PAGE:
Bracero Oral History
Biographical Synopsis of Interviewee
Nicolás Grimaldo Andrade was born on a small ranch named San Francisco in Zaragoza, Nuevo León, México, on September 10, 1938,; he had two older brothers and one younger sister; his parents worked in agriculture; by the age of seven, he was already sowing seeds and working the land; during the early fifties, one of his older brothers enlisted in the bracero program and worked in Michigan; Nicolás decided to do the same, and in 1955, at the age of twenty-two, he become a bracero; he stayed in the program for eight years, until 1962; he picked crops and irrigated the fields in Arkansas and Texas.
Summary of Interview
Mr. Grimaldo talks about his family and hometown; when he was growing up, his parents did not own the land they worked, which was problematic; during the early fifties, one of his older brothers enlisted in the bracero program and worked in Michigan; Nicolás would pick up the letters and money his brother sent home; in 1955, at the age of twenty-two, he decided to follow in his brother’s footsteps and become a bracero; he describes the process and necessary paperwork to enlist at the contracting center in Monterrey, Nuevo León, México; on two separate occasions, while passing though Chihuahua, México, he had to pay two thousand pesos for transportation to El Paso, Texas; he stayed in the program for eight years, until 1962; he picked crops and irrigated the fields in Arkansas and Texas; he goes on to detail the various worksites, camp sizes, provisions, accommodations, duties, routines, treatment, payments, remittances, correspondence and contract lengths; in Lamesa, Texas he had to water the crops every two hours, night and day; he was ready to quit after a month of this, but his employer changed the schedule to daytime hours only; in addition, he explains that while in Arkansas he began to feel pain in his leg, which he later attributed to rheumatism from irrigating in Texas; he was given injections, but they did not help much; ultimately, he changed work locations and duties; he has both positive and negative memories of the program, because he suffered greatly, his body in particular, but he was also able to save a good amount of money.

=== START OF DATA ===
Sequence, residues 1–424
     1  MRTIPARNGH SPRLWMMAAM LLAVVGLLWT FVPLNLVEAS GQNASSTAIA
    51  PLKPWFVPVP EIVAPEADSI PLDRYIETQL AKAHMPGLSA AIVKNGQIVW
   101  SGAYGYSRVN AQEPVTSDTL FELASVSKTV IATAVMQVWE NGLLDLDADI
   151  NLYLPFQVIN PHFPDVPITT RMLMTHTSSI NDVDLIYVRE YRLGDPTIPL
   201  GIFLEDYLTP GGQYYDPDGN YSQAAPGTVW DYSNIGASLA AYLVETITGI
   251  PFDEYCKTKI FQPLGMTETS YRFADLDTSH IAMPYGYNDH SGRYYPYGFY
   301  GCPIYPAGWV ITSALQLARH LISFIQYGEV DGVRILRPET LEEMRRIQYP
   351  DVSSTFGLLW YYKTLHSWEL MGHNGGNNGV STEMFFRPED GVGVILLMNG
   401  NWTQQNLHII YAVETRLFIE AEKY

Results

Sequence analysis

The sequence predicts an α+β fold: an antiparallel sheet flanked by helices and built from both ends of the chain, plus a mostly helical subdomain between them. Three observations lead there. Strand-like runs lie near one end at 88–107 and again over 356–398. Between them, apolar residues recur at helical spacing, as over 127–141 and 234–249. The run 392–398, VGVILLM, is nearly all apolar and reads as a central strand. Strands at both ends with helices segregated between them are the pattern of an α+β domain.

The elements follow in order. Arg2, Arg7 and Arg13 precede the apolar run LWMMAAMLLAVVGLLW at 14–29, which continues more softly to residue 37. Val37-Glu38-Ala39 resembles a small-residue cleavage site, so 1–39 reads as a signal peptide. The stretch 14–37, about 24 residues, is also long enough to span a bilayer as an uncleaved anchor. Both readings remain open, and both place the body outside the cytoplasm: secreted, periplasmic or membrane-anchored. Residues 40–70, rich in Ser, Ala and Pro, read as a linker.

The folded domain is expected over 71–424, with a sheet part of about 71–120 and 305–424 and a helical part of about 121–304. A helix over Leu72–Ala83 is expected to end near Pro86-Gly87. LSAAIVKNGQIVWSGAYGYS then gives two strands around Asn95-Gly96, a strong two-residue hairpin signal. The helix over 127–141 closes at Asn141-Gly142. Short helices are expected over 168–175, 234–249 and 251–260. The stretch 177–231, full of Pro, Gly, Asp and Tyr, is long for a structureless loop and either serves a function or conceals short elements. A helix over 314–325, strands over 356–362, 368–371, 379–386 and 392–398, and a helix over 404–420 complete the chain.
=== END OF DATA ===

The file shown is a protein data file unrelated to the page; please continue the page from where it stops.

Date of Interview
Length of Interview
Length of Transcript
GMR Transcription Services
Interview with Nicolás Grimaldo Andrade by Mireya Loza, 2008, "Interview no. 1437," Institute of Oral History, University of Texas at El Paso.